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Recalling the Modem World 

Histories of the internet often invoke a familiar mythology: dreamed up during the Cold War, it started as a US Department of Defense-funded network to connect computers at universities around the country. True in broad outline, the story helped explain the origins of this transformative new technology when it exploded into the cultural consciousness in the 1990s in the form of electronic mail, the World Wide Web, and those ubiquitous AOL CD-ROMs. 
But this history doesn’t help us to understand today’s social internet—or to imagine what might come after. “What this origin story leaves out,” writes Kevin Driscoll, “are the thousands of people running highly local networks of personal computers who created early online communities at a grassroots level.” 
The hobbyists and computer enthusiasts of the 1980s prefigured today’s social media by building bulletin board systems (BBSs) that they accessed through dial-up modems. “Exploring how these communities developed and sustained themselves not only provides a fuller history of the internet,” argues Driscoll, “but offers insights into how we might build healthier online communities that are more just, equitable, and inclusive.”

Read more about the community-oriented amateurs and entrepreneurs who helped built the social internet.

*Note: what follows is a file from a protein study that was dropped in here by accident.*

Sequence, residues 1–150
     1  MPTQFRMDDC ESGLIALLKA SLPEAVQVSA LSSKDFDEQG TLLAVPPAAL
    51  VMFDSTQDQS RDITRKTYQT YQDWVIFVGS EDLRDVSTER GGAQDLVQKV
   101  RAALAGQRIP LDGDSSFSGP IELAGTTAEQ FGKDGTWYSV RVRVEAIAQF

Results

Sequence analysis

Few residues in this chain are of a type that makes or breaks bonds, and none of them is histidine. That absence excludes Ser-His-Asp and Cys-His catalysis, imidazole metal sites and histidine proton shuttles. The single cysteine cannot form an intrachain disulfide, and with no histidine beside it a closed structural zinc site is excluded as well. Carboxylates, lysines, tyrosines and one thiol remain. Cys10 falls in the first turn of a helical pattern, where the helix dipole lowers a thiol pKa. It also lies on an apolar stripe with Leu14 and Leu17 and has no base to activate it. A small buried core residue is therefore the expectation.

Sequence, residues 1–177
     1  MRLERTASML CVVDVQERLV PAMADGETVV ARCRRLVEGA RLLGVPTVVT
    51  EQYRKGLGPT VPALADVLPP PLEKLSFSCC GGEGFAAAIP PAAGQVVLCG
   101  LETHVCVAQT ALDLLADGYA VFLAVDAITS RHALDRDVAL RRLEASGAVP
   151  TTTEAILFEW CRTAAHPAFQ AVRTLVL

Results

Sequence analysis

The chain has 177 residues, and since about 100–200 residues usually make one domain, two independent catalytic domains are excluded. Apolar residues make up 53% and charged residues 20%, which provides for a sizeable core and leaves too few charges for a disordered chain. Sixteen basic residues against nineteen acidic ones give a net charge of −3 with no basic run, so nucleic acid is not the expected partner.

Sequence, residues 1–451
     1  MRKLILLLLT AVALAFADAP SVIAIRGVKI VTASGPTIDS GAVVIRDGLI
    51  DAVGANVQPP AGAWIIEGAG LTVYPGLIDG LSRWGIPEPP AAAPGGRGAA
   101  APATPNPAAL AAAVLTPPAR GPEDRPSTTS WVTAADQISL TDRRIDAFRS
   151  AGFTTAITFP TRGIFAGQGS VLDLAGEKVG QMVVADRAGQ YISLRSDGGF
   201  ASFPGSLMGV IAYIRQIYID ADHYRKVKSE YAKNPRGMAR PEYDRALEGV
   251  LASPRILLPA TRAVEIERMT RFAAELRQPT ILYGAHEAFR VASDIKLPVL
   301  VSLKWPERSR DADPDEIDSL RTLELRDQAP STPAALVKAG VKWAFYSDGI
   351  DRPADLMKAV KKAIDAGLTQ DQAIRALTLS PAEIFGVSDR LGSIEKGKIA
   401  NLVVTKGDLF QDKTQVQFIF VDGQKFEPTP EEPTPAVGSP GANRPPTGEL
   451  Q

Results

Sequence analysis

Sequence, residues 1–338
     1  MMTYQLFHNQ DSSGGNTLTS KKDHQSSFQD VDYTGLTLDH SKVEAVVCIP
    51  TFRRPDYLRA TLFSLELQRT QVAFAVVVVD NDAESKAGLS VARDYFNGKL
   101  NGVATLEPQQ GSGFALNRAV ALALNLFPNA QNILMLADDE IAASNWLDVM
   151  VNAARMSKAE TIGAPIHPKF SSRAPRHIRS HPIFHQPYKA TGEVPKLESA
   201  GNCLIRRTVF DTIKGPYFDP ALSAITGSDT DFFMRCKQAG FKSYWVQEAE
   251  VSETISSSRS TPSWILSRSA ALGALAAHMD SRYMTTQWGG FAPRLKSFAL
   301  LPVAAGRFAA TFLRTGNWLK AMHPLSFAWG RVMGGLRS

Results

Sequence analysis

Plus: Removing the dangerous junk humans have left in orbit is costly and risky. Marissa Heron, Karen L. Jones, and Darren McKnight offer their ideas for ways to make orbital debris remediation more feasible.
Our podcast is back! To kick off the second season of conversations about science, art, technology, policy, and society, host J. D. Talasek talks with artists David Allen Burns and Austin Young of Fallen Fruit and professor Molly Jahn to explore how creativity and systems thinking can change the food system. Listen wherever you get your podcasts, or click the button below. (And be sure to subscribe to catch a future episode featuring Kevin Driscoll discussing the prehistory of social media.)
On September 22, 2022, the National Academies of Sciences, Engineering, and Medicine, in collaboration with The Kavli Foundation, the Alfred P. Sloan Foundation, and Issues in Science and Technology, will host the Endless Frontier Symposium 2022: Research and Higher Education Institutions for the Next 75 Years. The symposium will bring together experts and leaders from across the world to consider the transformations needed from research and higher education institutions in the next 75 years to better address global challenges.
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Issues in Science and Technology is a publication of Arizona State University and the National Academies of Sciences, Engineering, and Medicine.
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